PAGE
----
An electrocardiogram often known as ECG or EKG, is performed to assess the electrical activity and rhythm of your heart. The electrical signals created each time your heart beats are picked up by sensors that are affixed to your skin. A machine records these signals, which are then examined by a clinician to determine their significance.
Three waves—the P wave, the QRS complex, the T wave, and the pauses between them—make up the normal ECG wave pattern. During a cardiac cycle, the atria and ventricles of the heart contract and relax, which is represented by these waves.
Many common cardiac disorders can be diagnosed using an ECG, which is a painless, noninvasive procedure. An ECG may be used by a medical professional to establish or spot:
ECG recording machines are specialized devices used to trace the electrical activity of the heart. The term “electrocardiography” refers to the process of creating an ECG. Typically, a machine only has a few electrodes (sensors) and a central unit. The analogue inputs of advanced ECG devices are converted to digital inputs by analogue to digital converters. These digital impulses are either printed on paper or seen on a screen. Since ECG is the depiction of one cardiac cycle, some medical disorders can be diagnosed based on the gaps between the wave patterns of two successive ECGs.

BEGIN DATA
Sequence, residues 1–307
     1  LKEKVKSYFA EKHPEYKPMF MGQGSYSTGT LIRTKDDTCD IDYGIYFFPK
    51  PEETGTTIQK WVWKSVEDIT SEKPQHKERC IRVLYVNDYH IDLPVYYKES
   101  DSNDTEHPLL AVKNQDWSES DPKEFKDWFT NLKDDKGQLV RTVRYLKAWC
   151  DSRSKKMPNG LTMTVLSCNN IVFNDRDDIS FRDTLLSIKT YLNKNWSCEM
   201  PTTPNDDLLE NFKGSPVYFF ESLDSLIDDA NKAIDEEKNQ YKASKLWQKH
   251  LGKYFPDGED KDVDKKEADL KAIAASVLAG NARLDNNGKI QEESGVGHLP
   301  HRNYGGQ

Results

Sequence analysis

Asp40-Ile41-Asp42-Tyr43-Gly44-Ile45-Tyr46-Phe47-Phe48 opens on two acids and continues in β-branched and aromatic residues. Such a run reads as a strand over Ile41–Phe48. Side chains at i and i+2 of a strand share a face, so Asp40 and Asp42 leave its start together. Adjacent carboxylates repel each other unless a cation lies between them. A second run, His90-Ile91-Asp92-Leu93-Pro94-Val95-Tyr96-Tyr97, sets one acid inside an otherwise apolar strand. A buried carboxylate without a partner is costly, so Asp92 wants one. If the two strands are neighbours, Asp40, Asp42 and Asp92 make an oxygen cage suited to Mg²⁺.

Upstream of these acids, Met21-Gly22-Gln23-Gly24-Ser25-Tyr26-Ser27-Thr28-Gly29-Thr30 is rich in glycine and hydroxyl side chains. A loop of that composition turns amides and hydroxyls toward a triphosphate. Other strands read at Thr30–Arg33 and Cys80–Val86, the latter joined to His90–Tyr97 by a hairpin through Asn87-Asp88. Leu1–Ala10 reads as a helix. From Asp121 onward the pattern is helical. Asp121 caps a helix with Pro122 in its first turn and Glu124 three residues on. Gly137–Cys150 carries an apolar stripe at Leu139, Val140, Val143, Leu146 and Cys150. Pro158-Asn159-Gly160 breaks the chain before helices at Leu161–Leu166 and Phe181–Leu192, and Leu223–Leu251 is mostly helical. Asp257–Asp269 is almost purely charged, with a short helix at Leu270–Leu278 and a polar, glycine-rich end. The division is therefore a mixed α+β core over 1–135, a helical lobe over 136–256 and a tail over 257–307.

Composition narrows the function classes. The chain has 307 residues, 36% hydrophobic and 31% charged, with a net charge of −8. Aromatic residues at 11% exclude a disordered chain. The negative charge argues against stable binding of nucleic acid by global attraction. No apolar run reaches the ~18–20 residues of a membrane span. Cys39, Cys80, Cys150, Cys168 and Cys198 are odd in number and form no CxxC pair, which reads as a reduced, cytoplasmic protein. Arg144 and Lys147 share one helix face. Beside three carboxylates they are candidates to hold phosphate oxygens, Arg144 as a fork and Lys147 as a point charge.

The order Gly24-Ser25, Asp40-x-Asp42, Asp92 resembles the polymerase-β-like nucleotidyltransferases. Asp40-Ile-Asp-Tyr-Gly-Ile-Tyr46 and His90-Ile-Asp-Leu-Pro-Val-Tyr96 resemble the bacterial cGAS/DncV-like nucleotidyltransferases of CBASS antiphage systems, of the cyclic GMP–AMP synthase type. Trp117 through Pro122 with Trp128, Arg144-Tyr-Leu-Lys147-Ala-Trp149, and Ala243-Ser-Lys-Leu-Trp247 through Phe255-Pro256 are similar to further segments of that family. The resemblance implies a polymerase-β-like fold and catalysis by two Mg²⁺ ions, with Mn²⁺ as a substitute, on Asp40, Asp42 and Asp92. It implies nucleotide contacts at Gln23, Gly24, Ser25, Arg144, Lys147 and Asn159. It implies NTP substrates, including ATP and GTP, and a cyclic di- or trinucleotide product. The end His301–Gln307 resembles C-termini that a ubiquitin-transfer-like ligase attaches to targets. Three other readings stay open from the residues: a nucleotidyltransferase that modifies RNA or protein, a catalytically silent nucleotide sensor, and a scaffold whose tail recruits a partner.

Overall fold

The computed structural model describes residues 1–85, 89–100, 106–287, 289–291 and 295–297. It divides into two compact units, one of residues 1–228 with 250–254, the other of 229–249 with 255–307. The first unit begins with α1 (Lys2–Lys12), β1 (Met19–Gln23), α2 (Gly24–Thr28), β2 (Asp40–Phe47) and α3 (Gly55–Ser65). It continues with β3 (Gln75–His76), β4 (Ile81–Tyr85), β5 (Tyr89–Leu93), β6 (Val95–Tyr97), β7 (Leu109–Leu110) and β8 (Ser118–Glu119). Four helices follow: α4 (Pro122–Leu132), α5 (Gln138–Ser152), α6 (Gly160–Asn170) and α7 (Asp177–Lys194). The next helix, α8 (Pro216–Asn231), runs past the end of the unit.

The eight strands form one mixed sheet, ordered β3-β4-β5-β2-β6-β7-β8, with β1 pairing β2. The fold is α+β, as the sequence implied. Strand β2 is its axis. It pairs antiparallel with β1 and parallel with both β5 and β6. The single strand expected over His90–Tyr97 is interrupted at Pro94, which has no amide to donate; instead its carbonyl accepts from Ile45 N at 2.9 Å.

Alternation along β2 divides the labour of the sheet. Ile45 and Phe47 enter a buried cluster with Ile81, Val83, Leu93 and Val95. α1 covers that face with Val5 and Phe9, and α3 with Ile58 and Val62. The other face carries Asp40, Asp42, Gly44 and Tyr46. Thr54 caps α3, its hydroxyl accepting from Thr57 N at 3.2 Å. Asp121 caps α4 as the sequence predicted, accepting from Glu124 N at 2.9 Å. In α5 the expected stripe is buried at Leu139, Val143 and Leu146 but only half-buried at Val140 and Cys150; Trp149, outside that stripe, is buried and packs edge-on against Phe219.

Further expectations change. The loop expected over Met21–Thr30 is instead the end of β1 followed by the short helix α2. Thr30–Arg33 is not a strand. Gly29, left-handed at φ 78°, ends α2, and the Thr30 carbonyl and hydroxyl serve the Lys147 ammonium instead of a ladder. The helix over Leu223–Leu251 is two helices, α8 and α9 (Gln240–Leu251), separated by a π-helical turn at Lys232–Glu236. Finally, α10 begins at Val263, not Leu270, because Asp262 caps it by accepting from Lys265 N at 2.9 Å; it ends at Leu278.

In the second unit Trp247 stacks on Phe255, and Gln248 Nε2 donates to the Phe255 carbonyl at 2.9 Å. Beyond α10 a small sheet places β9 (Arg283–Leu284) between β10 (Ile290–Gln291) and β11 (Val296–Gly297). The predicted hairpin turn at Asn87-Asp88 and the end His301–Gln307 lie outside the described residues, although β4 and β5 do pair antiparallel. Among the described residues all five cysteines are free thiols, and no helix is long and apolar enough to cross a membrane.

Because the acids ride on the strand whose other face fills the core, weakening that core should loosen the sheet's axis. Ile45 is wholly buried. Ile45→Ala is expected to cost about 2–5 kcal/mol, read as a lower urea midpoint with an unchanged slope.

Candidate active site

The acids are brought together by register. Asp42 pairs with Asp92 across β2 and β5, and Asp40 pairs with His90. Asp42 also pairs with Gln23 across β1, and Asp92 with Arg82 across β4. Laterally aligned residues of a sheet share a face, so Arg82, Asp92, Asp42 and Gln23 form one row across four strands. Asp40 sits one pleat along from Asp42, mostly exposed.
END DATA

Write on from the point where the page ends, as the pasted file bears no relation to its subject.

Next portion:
Any doctor who suspects you may have a cardiac condition may request an ECG. It is now the most frequently employed test in the evaluation of patients and a crucial component of cardiac care strategies.
An ECG or electrocardiogram is different from an echocardiogram which is a scan of the heart.
There are two main types of information an electrocardiogram can reveal: –
First, the doctor can ascertain the duration of an electrical impulse passing through the heart to pinpoint whether the electrical activity is slow, medium, or quick.
Second, a doctor can learn whether there is normal electrical activity. Electrical activity levels are abnormal if the heart is worn out or frail.
An echocardiography creates images of your heart using sound waves. Your doctor can watch your heart beating and pumping blood thanks to this typical test. Heart disease can be detected by your doctor using the pictures from an echocardiography.
An echocardiogram is advised to:
In Transthoracic echocardiogram a sonographer’s assistant firstly applies gel to a machine (transducer).In order to direct an ultrasound beam through your chest and toward your heart, the sonographer presses the transducer firmly against your skin.
The transducer captures the echo of your heartbeat on tape. The echoes are translated by a computer into moving pictures on a monitor.
You might require a modest injection of an enhancing chemical through an intravenous (IV) line if your ribs or lungs are blocking the view. The generally safe and well-tolerated boosting agent will make your heart’s architecture appear more clearly on a monitor.